Monday, 21 August 2017

Okawachiyama Part 1: The Village

So yesterday I decided to actually use my rest day to go out. I decided to go to Ookawachiyama (大川内山 - link leads to their Japanese website), which is a place that I've been wanting to go for a while. Originally, I planned to go there on the 22nd of July, because there was going to be some sort of lantern event going on, but I had work. Still, I wanted to go before the wind chime festival was over so without really thinking about it, yesterday became that day.


Ookawachiyama is about 40 minutes away from Sasebo (by car). I managed to make it there using the voice navigation of Google maps, but I did get lost once, so I would really recommend you go with someone who can read a map.


Also, there is parking! I didn't really research this well enough, but I decided to trust in the fact that the village had a website and therefore must have made arrangements for visitors. The car park I ended up in had this little rest shop at the entrance with a really pretty porcelain mural at the front!


The white and blue bridge is the "Nabeshima Clain Kiln Bridge with Tile and Ceramic Dragons". At the back is the potters' grave, where about 880 unknown graves are gathered into a pyramid. According to a sign near the grave, many Korean potters came to Japan after Japan's invasion attempt of Korea in the 1950s. Their graves face Korea, symbolising their desire to go home.

I almost went to the graves to take photos but I realised that this was a grave and managed to stop myself in time.


And since it was still the wind chime festival, I managed to take lots of photos!


I'm not too sure what this wheel is for but I liked it.


As well as the big mural that depicted the village.


This is basically a collection of pottery shops and it's a good (or perhaps I should say dangerous?) place to come to if you're looking to get cups, plates, bowls, etc.


The first thing I did was to walk to the entrance of the village, because I wanted to see the Potters' Bridge. 



To the left of the bridge was a monument of the crown prince and princess.


The ground in front of the potter's bridge is covered with broken pieces of pottery and it made this really pretty tinkling sound when I walked across it. Well, sometimes anyway. At other times you just hear the porcelain breaking and I decided to be a lot more careful not to fall.


At the other side of the bridge were some wind chimes and this little garden, with water falling into the pond periodically.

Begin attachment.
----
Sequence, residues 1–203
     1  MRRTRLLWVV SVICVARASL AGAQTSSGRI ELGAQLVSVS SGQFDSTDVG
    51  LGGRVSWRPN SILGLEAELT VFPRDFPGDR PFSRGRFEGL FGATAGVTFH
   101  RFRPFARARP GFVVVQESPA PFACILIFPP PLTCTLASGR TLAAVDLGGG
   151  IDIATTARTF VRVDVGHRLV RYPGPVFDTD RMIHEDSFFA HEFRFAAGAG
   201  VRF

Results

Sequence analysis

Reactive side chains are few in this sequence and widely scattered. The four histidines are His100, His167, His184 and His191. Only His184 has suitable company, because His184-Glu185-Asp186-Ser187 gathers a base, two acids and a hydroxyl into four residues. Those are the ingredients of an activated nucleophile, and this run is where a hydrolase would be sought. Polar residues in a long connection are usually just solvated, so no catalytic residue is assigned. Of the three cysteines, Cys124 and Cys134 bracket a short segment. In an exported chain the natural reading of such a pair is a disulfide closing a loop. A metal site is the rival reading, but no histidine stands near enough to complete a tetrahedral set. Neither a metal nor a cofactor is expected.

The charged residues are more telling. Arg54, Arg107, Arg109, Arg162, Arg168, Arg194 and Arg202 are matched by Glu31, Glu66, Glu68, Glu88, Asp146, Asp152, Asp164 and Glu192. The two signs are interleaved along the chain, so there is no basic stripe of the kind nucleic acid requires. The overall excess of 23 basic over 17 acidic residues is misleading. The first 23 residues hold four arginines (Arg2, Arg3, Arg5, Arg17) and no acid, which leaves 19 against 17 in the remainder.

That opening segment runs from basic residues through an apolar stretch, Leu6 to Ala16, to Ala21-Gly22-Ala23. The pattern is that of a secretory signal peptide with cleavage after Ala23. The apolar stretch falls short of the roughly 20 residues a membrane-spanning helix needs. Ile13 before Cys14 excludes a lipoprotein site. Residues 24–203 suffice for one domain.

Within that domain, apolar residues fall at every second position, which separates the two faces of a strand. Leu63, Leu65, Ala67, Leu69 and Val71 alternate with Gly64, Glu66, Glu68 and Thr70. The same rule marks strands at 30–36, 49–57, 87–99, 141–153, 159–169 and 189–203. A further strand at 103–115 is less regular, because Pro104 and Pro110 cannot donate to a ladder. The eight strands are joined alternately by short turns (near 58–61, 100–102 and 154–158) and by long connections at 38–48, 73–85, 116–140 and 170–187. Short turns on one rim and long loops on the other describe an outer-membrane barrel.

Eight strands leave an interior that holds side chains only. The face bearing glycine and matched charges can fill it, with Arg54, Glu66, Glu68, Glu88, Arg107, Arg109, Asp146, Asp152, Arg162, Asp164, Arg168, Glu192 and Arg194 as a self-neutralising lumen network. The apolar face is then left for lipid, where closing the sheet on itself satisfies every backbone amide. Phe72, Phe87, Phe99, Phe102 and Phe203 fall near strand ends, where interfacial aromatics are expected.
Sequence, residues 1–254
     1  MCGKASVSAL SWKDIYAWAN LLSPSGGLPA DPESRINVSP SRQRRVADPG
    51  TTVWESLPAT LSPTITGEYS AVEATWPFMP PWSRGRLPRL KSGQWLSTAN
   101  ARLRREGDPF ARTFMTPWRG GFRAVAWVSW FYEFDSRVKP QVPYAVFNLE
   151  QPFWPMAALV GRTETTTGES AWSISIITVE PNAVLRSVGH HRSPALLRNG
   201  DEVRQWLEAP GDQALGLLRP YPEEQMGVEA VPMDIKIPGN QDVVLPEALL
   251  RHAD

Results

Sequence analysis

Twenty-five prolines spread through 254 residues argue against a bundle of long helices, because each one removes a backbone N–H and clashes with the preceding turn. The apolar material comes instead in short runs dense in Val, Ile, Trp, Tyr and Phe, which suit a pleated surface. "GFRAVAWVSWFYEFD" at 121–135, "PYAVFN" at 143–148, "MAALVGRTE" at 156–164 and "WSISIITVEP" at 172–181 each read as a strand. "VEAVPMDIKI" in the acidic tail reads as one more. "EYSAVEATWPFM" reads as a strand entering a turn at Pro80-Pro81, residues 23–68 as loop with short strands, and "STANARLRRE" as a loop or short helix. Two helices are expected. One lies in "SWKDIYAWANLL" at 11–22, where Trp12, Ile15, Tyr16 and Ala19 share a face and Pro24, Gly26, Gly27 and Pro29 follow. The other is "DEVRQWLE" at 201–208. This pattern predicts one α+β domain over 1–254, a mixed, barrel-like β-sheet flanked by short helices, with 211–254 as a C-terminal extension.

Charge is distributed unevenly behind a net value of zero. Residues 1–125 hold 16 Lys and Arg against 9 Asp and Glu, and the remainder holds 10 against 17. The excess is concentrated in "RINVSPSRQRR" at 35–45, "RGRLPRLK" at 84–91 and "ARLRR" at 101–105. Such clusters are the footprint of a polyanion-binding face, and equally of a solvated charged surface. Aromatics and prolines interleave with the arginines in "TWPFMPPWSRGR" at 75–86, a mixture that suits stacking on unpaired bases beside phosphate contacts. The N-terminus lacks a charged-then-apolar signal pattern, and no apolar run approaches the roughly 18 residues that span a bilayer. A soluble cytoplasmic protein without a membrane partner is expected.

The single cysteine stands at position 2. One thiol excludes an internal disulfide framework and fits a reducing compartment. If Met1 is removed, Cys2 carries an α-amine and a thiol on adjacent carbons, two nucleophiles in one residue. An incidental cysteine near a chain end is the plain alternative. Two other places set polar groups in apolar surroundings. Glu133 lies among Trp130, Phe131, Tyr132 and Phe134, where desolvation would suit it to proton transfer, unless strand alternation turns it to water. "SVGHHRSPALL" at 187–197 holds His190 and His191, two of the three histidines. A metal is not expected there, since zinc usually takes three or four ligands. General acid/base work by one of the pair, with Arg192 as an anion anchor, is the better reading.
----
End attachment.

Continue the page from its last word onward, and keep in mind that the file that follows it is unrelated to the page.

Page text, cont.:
This is the little house that provides the water.


After looking around, I walked back towards the village, following the path of the river.


The river basically forks into two near the Nabeshima clan kiln bridge (one leads to it and the other leads to the stone bridge below).




The village is exactly like what I saw in the google photos! It's very lovely and quiet and it was a pleasure to just wander around and listen to the wind chimes. I took several videos and pieced them together so if you're interested, you can watch it and hopefully get a feel of what I experienced.


I was so tempted to get something, but I managed to exercise some self-control (for the moment).


And more photos of the windchimes.





If you'd like to learn more about the town, you can download a PDF of the map that they give out at this link. The PDF is basically a map of the town and a few explanations of key points. And like I mentioned, here's the video that I mentioned earlier:


Next post: Lunch + the rest of the village

Tuesday, 15 August 2017

Oreo & Hershey's Sweets Taste Test

I was at the supermarket last week when I remembered that Oreo has released a line of sweets. It's supposed to be only available this summer, so I decided to look for it and I found that Hershey's released a line of sweets as well!


And because my willpower for sweets is practically non-existent, I bought everything that I wanted to try and spent last week constantly snacking.


And I figured that since I was eating, I might as well make notes and share them, in case you're like me and want to try the sweets but have more willpower and will only get one or two.

1. Oreo cake (130 yen)


I liked how this looked because it promised to be an oreo in cake form. Well, it was pretty good, but it wasn't amazing. I couldn't really taste the oreo filling in most of the cream - the only time I tasted oreo was in the crushed oreo bits in the center of the cake.

Hershey Cookie & Cream Sand (130 yen)


Yes, this is called a "sand", I'm guessing it stands for sandwhich? This reminded me of dorayaki and the cake part was really fragrant and delicious. Unfortunately, that meant that it overpowered the cream and I didn't taste Hershey's cookies and cream in this.


Crepes - Hershey (140 yen) and Oreo (130 yen)


Since there were two of these, I ate them at the same time. The pastry for both of them was nothing to shout about, but the Oreo crepe tasted a lot like the Oreo cookie (at least way more than the cake) and I found that I really liked it.